MSA changes filing date for presidential election
The change comes following an insufficient number of student signatures from potential candidates.
Feb. 20, 2018
The 2018 Missouri Students Association presidential election filing deadline was moved from Feb. 16 to March 1 following an insufficient number of student signatures for potential candidates.
“The bylaws and handbook clearly state that the [Board of Elections Commissioners] must receive 500 student signatures for a slate to be on the ballot,” BEC chair Joseph Sell said. “For that reason, I made the decision to push back the filing date.”
MSA received only one slate before the previous filing date.
The campaigning period for presidential candidates will begin March 5, and both presidential and senatorial elections will be held on March 20.
The election date was moved from March 6 following the resignation of former senate speaker Hunter Windholz and former BEC chair Jessica Dennis.
A new handbook was passed in full senate Feb. 7 following the appointment of the new BEC chair.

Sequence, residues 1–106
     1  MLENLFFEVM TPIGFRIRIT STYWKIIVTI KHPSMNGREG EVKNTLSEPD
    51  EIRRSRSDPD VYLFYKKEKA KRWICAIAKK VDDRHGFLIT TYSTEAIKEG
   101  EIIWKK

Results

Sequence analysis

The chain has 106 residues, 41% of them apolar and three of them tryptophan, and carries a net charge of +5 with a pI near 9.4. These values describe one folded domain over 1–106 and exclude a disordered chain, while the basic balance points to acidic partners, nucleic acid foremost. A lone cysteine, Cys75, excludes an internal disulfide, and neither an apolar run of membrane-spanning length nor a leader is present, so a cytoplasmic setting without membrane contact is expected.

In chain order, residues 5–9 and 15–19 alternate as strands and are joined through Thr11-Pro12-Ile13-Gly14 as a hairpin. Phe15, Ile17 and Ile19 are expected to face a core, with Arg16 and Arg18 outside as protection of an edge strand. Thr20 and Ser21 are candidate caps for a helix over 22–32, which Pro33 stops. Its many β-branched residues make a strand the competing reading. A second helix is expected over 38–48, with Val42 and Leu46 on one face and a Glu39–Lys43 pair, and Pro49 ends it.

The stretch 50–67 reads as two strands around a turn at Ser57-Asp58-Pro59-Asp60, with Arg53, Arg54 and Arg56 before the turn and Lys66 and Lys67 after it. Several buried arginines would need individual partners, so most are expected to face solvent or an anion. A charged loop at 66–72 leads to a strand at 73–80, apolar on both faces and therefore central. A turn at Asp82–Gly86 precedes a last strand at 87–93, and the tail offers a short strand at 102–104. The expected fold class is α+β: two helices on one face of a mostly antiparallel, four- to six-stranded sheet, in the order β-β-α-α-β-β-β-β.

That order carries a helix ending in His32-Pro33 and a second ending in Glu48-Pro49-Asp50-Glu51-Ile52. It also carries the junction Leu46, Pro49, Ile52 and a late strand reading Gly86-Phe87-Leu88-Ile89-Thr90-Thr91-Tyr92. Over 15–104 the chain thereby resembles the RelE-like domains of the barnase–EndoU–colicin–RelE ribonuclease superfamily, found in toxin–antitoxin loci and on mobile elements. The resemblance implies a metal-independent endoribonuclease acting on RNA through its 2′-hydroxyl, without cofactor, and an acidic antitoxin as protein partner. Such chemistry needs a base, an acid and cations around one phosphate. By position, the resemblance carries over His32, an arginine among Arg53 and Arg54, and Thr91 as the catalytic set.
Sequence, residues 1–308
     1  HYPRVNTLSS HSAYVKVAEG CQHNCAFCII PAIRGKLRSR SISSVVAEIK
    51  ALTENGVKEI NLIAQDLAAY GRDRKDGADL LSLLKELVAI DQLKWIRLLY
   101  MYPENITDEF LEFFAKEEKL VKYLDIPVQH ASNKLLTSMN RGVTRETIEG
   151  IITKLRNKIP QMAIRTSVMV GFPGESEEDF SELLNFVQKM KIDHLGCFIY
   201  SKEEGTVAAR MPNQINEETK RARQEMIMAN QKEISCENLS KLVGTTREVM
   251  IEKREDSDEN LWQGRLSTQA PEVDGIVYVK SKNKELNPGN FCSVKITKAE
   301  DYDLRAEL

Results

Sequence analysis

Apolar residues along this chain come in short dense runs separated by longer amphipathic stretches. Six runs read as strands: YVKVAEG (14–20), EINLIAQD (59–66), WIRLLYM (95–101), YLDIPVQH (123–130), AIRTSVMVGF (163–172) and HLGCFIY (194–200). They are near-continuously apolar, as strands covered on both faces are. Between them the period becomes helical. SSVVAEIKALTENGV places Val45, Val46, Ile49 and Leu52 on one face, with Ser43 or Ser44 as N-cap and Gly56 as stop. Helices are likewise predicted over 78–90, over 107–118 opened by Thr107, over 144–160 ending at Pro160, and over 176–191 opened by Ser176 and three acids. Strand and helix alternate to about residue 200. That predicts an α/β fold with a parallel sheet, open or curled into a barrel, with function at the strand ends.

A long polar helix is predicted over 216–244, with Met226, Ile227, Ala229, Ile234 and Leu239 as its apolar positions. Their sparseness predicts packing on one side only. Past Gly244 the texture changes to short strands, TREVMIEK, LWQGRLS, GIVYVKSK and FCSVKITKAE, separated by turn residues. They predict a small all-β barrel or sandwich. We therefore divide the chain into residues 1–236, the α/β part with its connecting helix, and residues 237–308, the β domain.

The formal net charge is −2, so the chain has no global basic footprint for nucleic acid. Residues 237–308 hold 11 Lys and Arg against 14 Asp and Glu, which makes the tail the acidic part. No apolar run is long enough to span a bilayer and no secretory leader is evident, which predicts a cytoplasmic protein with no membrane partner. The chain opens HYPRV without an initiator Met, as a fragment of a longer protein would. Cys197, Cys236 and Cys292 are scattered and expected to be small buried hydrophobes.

The original handbook that was proposed would have placed a cap of $1,000 on campaign spending. However, it was removed after debate in senate because MSA members received a different version of the handbook prior to the last full senate meeting.
“I’m honestly not sure if [not having the spending cap] will have an impact because we haven’t had one previously,” said Mathew Swan, Operations Committee chair. “We’re just kind of going with the status quo instead of doing something new.”
The spending cap was proposed by Dennis prior to her resignation in an effort to encourage more students to participate in the MSA election.
“The argument for the spending cap was that it would make the election more accessible and create a way to ensure that all slates are on an equal playing field,” said Tim Davis, Campus and Community Relations Committee chair. “I disagreed with this argument, not necessarily the spending cap.”
Instead of the campaign spending cap, MSA is working to make elections more accessible by having more open discussions in senate.
“We can have a discussion about going through what policies we have during elections and being realistic about how we can respect the concerns about having a spending cap because it is so difficult to enforce,” Swan said.
Edited by Skyler Rossi | firstname.lastname@example.org